We also know that Xavin is the only known Skrull in an open inter-species relationship who doesn’t have sex according to their assigned/preferred gender, and I’m pretty sure that all of the Skrull infiltrators in Secret Invasion who were instructed to have sex with their targets were disguised as heroes who matched the infiltrator’s assigned/preferred gender (which we know because they reverted to their original Skrull form at death). Thus the designation of transgender from both a Skrull perspective and based on a reading of Xavin prior to meeting Karolina- despite his unique biology- would be incorrect. Xavin’s preferred gender is the one he was assigned (presumably at birth) by his own culture on the Skrull home world, and thus is cisgender.

Where things get strange, and eventually incredibly disturbing, is how Karolina views and ultimately manipulates Xavin’s biology in spite of his chosen gender. The Skrull ability to change sex is almost exclusively used for diplomacy and subterfuge in interactions with other species. Skrulls are no more transgender than drag queens. They only change sex as a performance. Thus Xavin is cisgender male and referring to him using non binary pronouns would be inappropriate.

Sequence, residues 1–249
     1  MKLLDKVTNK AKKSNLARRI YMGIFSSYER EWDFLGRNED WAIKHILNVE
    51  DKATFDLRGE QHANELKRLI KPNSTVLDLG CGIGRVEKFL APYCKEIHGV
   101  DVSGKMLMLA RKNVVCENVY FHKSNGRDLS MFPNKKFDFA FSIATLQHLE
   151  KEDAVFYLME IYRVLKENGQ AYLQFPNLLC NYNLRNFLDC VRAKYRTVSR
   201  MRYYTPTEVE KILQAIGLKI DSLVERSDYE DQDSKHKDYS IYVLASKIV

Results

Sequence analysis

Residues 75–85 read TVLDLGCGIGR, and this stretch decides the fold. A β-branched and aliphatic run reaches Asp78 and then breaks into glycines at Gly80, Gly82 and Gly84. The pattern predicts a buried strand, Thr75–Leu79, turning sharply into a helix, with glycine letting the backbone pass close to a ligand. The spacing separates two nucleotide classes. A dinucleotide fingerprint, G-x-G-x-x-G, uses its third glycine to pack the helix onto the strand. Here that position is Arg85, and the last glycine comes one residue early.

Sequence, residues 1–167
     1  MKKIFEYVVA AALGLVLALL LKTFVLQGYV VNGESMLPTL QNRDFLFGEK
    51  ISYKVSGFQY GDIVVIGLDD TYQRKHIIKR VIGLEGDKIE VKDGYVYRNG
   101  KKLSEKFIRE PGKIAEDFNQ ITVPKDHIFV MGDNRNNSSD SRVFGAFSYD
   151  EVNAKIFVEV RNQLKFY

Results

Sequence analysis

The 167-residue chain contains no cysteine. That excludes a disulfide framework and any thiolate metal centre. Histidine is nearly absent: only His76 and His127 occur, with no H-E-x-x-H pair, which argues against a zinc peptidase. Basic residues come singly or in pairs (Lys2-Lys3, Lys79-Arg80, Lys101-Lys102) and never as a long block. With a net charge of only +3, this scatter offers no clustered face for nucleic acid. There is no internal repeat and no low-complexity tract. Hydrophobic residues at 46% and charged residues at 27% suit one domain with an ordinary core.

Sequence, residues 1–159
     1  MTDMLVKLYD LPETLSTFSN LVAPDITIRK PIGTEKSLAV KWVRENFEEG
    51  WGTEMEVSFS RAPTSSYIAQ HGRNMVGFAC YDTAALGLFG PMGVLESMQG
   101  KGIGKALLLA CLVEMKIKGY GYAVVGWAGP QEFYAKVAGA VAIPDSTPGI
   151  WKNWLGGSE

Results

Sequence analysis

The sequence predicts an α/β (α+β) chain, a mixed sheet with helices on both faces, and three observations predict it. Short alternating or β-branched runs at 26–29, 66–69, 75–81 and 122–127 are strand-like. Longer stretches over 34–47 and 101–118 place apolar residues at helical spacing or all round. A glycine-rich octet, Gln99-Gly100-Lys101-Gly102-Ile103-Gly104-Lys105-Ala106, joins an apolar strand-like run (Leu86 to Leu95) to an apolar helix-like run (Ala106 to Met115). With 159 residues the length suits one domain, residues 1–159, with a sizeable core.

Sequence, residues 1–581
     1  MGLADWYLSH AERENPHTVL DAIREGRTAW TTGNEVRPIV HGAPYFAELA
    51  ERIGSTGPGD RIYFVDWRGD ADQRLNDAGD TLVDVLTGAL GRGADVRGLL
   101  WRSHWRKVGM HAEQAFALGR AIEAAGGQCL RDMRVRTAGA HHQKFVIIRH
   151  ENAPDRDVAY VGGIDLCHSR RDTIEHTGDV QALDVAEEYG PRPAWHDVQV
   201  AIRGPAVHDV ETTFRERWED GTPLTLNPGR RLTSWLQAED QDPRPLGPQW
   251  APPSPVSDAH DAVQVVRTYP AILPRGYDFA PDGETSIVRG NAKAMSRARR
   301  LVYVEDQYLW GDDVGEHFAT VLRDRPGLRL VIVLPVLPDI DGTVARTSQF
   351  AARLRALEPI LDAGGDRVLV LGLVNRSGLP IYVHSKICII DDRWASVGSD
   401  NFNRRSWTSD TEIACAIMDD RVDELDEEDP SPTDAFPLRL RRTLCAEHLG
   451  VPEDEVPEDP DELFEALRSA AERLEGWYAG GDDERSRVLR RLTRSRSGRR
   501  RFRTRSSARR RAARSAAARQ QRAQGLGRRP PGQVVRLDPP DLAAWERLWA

Which brings us back to the question of Karolina’s choice to continue to self identify as a lesbian despite Xavin’s chosen gender.  There is actually a real world analogue to this situation, which is the phenomenon of lesbian identified women dating transmen. A person’s self identity can in fact demean and effectively erase their partner’s identity. By referring to herself as a lesbian, the woman denies her partner’s chosen gender which is quite literally what Karolina does to Xavin. She forces him to present and identify as female when his preferred gender is very obviously male. Thus what we’re left with has all the same elements in common with a white cisgender lesbian emotionally abusing her POC trans* partner.

Irrespective of biology, the right thing for Karolina to have done would be to respect Xavin’s chosen gender by identifying as bisexual because as Kinsey states, there is more than one usage of the term bisexual, despite the assumption that it can only mean that a person is attracted to cisgender members of either sex instead of say (pre-op and/or non-op) transmen and cisgender women.